Genesis Theatrical Productions presents the Chicago premiere of The Radiant, written by Shirley Lauro and directed by Kaitlin Taylor. Set in Paris in the early twentieth century, The Radiant tells the story of the later part of the life of Marie Curie, a brilliant, two-time Nobel Prize-winning scientist whose work with radiation became a cornerstone of contemporary chemistry and led to the first cure for cancer.
This play shares much in common with Silent Sky, recently produced by First Folio Theatre, in that the script aims to shed light on the life of an undercelebrated woman scientist and gets far too caught up in depicting that woman’s romantic relationship with a man, giving their love stories equal weight with their scientific discoveries, a move that inherently undermines the plays’ mission.
Sure, Curie’s relationship with her assistant Paul Langevin is historical fact, and sure, it’s worth noting that in her time, Curie’s accomplishments were briefly overshadowed by the scandalous reveal of her affair with a married man, a fact that highlights both the despicable sexism Curie faced and her refusal to be defeated by it. But it seems disingenuous to center her story on the tired cliché of forbidden love rather than, say, two Nobel prizes and the first cure for cancer, especially when the actor playing Paul (James McGuire) has so little charm and he and Curie (Debbie Ruzicka) have such little chemistry together. Furthermore, playwright Shirley Lauro doesn’t seem to trust her audience with much scientific detail; Curie’s fascinating and revolutionary experiments with radiation are only explained on the most surface level, leaving me craving more in-depth information about Curie’s actual work.
Lack of attention to scientific detail fails the play again when it comes to props, designed by Harrison Ornelas. In what is arguably the most important scene of the play, in which Curie finally isolates metal radium, firmly proving her and her husband’s theory of radiation, not only are all the liquids used in the experiment left to the audience’s imagination, but generic glass containers stand in for realistic-looking scientific equipment. It is disappointing, to say to the least, to watch a scene in which the characters place an emphasis on pouring exactly 200 milliliters of a substance—while holding containers with no milliliter markings.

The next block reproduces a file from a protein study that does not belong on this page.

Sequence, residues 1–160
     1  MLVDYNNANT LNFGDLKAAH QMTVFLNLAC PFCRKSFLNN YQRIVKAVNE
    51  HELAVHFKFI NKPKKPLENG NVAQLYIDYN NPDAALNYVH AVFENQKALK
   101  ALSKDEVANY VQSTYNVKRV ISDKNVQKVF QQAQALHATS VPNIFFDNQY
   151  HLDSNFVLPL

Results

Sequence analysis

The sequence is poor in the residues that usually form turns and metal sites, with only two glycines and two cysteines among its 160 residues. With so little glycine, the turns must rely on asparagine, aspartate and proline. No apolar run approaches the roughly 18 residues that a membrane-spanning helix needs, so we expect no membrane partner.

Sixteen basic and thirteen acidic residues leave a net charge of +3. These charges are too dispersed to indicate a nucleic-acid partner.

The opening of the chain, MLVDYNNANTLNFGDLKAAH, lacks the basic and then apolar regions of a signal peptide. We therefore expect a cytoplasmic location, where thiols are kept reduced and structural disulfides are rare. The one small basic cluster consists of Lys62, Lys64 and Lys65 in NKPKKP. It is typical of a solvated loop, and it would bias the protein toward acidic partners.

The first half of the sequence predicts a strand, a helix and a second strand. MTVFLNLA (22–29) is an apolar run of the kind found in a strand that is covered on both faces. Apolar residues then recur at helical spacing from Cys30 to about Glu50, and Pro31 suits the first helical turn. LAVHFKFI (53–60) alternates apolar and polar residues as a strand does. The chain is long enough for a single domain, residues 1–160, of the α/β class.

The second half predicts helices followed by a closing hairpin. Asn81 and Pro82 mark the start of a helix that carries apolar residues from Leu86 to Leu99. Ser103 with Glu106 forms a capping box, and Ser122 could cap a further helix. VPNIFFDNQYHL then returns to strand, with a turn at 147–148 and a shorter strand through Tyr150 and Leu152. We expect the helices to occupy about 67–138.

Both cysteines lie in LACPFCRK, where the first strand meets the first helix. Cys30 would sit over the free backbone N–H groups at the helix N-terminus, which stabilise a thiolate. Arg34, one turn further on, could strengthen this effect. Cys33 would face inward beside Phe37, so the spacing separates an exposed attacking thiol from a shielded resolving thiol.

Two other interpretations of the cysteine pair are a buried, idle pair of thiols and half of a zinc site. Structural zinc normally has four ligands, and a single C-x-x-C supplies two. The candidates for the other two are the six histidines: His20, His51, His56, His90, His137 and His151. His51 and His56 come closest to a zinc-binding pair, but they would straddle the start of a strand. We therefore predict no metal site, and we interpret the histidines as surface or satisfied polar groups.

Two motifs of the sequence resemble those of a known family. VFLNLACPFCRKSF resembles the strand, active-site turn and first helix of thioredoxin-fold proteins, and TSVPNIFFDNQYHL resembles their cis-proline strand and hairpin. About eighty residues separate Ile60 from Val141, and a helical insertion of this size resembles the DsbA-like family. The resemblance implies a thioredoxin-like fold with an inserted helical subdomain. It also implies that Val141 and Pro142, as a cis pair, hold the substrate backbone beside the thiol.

The Radiant is not all bad. Debbie Ruzicka, in addition to bearing a striking resemblance to the actual Curie, delivers a magnificent acting performance, bringing intelligence and determination to the complex central character, as well as stubbornness, curiosity, shyness, bravery, and fear in turn. Chloe Dzielak, who plays Curie’s niece Katarina, has a delightfully vivacious stage presence, and the scenes between her and Ruzicka are, without question, the best parts of the show. One almost wonders if the play would have been better served by making the relationship between these two women (which is not without its conflicts and complexities) the central dynamic of the show, rather than that of Curie and Paul.
The Radiant has a noble goal: glorifying the achievements of one of the most extraordinary women in science, a woman who even today is too often overshadowed by her male counterparts. With Debbie Ruzicka in the lead and Chloe Dzielak at her side, the play has potential to do exactly that, but it falls short in its fascination with Curie’s run-of-the-mill affair with an even more run-of-the-mill man. The world needs more plays about women scientists—but it needs them to spend less time and energy on men.
Dates: May 18 – June 11, 2017
Times: Thursday, Fridays and Saturdays at 7:30 pm, Sundays at 3 pm.
Location: Athenaeum Theatre, Studio One, 2936 N. Southport Ave., Chicago
Ticket prices: $32; seniors and students $17. Tickets on sale now at the Athenaeum Theatre website or 773-935-6875.
All photos by Ron Goldman.